UNited against AIDS

Dec 1, 2014

photo: unaids

World Aids Day marked on 1 December 2014 

There are 1000 people with HIV in Croatia, of which 250 have AIDS, according to the latest data from the Croatian Public Health Institute introduced to mark World AIDS Day, December 1. With around 80 new cases of HIV infection per year, Croatia is still a country with a low prevalence of HIV/AIDS. The aim is to emphasize the importance of early diagnosis of the HIV infection to ensure successful treatment and to prevent further spread of the infection. 

AIDS
or Human immunodeficiency virus infection is a disease of the human immune system caused by an infection with the HIV virus. It is characterized by severely damaging the immune system which makes the body much more susceptible to many other diseases. It may take up to ten years from the time of infection with HIV to the time of the occurrence of the first symptoms. 

Since 1986 when the first HIV cases were registered in Croatia, until mid-November 2014, a total of 1194 people living with HIV have been registered, of which 438 living with AIDS. In the same period, 178 people died of AIDS. This year, by mid-November, 80 new cases of HIV infections were diagnosed, of which 19 of those were AIDS cases. 

Of the total number of HIV/AIDS cases, the largest number of people got infected through unprotected sexual intercourse. The risk of HIV infection increases with the amount of sexual partners, unprotected sexual intercourse with an unknown person or people with risky behavior, as well as the use of non-sterile equipment for intravenous drug injection. Men make 86 percent of all people infected with HIV.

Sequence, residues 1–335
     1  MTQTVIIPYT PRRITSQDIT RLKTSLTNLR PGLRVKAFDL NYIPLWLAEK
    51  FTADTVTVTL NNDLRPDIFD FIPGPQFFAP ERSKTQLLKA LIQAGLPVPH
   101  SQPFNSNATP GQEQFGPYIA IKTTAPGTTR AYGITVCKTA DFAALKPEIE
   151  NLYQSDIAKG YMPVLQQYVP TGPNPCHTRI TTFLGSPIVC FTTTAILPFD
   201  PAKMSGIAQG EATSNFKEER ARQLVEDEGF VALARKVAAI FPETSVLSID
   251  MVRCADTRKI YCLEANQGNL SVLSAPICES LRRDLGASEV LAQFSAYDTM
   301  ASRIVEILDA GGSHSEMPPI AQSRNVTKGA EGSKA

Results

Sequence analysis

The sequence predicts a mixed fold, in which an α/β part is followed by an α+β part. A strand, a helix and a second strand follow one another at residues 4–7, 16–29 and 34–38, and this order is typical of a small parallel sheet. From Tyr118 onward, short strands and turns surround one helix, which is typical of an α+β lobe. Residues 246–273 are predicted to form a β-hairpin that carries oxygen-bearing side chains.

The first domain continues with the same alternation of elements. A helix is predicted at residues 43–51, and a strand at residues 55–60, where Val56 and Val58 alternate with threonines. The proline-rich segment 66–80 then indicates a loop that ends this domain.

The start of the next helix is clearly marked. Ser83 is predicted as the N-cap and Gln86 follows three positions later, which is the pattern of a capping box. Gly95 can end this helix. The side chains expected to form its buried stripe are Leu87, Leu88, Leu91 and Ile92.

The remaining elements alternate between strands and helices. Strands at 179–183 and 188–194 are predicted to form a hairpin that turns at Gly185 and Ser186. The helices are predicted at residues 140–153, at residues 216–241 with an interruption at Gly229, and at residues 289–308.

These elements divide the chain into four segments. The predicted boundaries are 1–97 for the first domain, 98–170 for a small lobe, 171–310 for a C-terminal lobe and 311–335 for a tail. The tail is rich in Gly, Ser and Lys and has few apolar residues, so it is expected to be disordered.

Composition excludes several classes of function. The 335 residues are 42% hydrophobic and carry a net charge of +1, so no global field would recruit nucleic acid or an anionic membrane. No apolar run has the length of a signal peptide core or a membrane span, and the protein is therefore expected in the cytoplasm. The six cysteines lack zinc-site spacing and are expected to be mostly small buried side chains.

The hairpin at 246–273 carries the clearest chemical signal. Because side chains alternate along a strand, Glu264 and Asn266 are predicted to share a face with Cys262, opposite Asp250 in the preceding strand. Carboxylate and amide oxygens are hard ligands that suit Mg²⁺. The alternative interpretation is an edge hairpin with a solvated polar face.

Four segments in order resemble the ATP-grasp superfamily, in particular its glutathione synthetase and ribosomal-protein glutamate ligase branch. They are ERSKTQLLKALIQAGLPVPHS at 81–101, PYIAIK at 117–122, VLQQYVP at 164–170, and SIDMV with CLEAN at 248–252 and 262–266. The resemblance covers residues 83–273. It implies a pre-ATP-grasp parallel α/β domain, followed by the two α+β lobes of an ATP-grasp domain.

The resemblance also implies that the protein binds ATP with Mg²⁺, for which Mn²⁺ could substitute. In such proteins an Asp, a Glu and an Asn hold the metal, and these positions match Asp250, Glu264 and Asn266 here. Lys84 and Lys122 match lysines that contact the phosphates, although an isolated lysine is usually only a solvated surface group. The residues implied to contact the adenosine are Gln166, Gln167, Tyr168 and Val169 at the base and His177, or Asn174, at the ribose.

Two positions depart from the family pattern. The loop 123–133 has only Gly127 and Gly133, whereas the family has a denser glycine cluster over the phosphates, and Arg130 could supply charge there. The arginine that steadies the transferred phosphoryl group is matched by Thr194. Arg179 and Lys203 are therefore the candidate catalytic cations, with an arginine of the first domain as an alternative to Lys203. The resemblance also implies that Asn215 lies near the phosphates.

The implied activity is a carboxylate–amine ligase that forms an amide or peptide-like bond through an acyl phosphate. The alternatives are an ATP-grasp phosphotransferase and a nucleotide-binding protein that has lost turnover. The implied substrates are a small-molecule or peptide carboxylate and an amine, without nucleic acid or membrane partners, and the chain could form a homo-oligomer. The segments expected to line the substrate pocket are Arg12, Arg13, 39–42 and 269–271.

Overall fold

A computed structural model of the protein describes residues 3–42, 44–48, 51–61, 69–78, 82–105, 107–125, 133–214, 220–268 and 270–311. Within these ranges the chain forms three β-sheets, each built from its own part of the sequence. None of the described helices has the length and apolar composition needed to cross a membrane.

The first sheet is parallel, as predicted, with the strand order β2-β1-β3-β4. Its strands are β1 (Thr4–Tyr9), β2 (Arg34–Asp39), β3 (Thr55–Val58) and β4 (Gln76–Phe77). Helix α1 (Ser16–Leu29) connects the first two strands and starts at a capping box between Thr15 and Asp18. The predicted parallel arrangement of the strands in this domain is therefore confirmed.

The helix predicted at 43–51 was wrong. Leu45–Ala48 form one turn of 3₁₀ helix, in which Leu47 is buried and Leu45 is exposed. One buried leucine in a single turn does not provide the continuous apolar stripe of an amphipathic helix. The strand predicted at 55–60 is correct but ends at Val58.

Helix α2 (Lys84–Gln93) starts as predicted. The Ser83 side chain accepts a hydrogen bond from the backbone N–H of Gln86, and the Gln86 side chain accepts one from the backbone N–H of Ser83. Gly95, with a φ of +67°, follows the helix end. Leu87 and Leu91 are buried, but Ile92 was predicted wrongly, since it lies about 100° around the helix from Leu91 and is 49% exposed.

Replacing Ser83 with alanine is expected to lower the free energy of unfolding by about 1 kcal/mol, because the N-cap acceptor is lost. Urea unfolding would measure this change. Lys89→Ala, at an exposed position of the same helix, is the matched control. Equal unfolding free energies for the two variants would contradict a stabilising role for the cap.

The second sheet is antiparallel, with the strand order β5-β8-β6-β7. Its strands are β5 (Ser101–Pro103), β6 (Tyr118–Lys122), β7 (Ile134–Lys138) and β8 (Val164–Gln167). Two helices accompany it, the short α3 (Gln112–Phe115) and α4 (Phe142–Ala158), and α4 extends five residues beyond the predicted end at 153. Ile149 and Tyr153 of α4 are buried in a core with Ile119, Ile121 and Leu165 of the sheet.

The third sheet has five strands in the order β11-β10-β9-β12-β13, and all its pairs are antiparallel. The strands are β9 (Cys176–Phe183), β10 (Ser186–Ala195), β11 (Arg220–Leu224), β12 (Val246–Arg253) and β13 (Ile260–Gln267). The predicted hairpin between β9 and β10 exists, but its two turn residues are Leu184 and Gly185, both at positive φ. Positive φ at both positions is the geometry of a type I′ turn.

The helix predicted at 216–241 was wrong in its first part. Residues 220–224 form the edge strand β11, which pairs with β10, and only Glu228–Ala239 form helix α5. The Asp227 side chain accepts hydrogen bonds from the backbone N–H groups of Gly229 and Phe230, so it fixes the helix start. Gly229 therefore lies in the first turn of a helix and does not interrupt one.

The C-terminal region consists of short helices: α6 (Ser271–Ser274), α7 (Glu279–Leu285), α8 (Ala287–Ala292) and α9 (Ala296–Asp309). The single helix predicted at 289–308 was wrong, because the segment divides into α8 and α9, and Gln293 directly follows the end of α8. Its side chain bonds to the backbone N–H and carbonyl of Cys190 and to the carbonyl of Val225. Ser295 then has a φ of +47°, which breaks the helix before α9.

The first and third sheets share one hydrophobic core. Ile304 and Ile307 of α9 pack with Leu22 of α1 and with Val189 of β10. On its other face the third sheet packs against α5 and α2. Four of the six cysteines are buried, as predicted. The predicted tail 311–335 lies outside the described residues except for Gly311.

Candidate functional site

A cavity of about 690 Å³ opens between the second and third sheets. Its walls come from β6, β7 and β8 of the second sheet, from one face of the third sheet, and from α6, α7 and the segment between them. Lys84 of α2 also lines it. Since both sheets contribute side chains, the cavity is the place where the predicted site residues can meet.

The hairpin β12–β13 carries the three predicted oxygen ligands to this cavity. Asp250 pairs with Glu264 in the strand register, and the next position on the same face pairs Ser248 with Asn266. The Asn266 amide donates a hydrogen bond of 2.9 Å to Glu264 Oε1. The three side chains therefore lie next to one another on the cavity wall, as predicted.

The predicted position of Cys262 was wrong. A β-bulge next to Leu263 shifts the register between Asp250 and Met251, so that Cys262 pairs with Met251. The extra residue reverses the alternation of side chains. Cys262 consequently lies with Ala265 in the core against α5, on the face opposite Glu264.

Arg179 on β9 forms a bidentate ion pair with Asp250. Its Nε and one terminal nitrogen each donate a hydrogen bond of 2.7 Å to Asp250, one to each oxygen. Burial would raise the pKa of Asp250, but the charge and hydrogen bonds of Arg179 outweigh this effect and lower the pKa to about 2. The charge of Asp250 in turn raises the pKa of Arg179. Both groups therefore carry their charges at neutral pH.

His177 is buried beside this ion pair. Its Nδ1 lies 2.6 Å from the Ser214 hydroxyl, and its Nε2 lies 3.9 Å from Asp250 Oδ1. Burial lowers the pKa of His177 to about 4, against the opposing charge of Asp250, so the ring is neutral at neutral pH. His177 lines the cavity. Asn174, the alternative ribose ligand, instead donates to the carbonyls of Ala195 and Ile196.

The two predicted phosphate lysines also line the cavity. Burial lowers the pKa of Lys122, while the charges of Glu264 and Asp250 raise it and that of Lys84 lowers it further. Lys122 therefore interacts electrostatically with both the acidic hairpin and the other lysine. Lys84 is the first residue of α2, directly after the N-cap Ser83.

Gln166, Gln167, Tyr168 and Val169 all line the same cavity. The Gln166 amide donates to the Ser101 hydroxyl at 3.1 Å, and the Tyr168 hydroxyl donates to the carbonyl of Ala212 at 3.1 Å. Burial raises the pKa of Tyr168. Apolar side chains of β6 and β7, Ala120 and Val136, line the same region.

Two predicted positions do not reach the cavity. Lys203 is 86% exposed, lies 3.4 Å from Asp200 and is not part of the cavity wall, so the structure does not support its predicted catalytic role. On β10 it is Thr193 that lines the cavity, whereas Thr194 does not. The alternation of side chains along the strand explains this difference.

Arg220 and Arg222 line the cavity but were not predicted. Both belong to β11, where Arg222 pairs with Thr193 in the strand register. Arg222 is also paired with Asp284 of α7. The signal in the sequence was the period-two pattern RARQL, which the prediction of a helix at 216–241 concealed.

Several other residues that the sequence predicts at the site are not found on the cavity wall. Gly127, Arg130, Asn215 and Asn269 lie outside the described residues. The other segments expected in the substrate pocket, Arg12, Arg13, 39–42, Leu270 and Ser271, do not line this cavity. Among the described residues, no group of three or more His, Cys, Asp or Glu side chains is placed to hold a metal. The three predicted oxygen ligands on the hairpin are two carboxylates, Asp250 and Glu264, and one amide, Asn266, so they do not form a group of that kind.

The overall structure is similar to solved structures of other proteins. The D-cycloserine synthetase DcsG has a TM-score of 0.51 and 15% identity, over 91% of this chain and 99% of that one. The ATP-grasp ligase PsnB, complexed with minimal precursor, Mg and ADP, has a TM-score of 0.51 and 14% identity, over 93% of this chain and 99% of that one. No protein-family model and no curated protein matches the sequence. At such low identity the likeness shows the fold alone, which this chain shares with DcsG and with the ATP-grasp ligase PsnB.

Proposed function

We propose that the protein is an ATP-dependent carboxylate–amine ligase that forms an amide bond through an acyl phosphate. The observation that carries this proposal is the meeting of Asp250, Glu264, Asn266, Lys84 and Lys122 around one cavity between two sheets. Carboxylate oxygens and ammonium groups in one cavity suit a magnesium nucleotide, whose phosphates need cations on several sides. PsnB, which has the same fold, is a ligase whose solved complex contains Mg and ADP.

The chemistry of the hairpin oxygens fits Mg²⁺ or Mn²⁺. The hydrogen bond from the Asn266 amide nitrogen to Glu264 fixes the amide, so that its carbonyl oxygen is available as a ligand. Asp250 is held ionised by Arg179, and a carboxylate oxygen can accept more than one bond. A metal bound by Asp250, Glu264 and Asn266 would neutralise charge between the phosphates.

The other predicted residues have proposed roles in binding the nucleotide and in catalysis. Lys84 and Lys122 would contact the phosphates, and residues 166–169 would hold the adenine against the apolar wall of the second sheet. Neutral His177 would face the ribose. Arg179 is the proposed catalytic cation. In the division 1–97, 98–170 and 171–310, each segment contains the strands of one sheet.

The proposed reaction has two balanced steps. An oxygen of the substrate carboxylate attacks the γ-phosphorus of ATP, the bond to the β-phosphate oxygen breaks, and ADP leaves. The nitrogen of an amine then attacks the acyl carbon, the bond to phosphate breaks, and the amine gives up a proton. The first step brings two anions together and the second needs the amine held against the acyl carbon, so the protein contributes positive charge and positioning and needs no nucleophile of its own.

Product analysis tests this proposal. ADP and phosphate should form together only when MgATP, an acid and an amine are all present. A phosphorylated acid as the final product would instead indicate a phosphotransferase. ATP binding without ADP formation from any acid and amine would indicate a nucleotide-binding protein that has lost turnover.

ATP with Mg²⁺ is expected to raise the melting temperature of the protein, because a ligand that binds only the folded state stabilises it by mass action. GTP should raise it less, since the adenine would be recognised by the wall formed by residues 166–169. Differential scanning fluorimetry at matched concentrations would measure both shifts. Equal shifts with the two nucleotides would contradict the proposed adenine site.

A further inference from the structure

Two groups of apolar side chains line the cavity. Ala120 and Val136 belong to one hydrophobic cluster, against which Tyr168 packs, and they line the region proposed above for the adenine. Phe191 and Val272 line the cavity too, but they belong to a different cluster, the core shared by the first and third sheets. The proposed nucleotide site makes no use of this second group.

Although in recent years there has been a slight increase in the number of new cases of HIV infections, this can be explained by more frequent testing due to the work of centers for voluntary, free and anonymous counseling and testing (so-called HIV counseling centers) in eight cities in Croatia. 

Globally, the United Nations reported progress in combating HIV/AIDS, but warn that the gains remain fragile. 

From 2001, the number of new HIV infections in the world has been reduced by 38 percent; 1.16 million infections have been prevented among newborn babies, while almost 14 million people worldwide have access to HIV treatment. But there are 35 million people living with HIV today, and some 19 million of them do not know they have the virus. 

UN Secretary General Ban Ki-moon called on the World Aids Day world leaders to unite to end AIDS together by 2030. 

Numerous prejudice, stigma and discrimination accompanying HIV/AIDS have major consequences for patients as well as the disease itself. Many therefore have a fear of testing which delays access to treatment, and can have a major impact on the spread of HIV infection,“ warns Iva Jovovic from the UN Theme Group on HIV/AIDS in Croatia. 

„HIV/AIDS is a disease of public health interest, and therefore we continuously monitor and report on violations of human rights of people living with HIV. We also draw attention to specific cases of HIV/AIDS, we advocate legislation changes, and educate non-governmental organizations, health professionals and citizens“, stressed Jovovic. 

The introduction of health education in schools, the possibility of HIV testing for minors over the age of 16 without a parent's permission, the legalization of same-sex marriages, as well as the improvement of the system of free legal aid in the cases of violation of the human rights of people living with HIV/AIDS are steps that would further enhance the fight against HIV/AIDS, was concluded in the UN Theme Group on HIV/AIDS.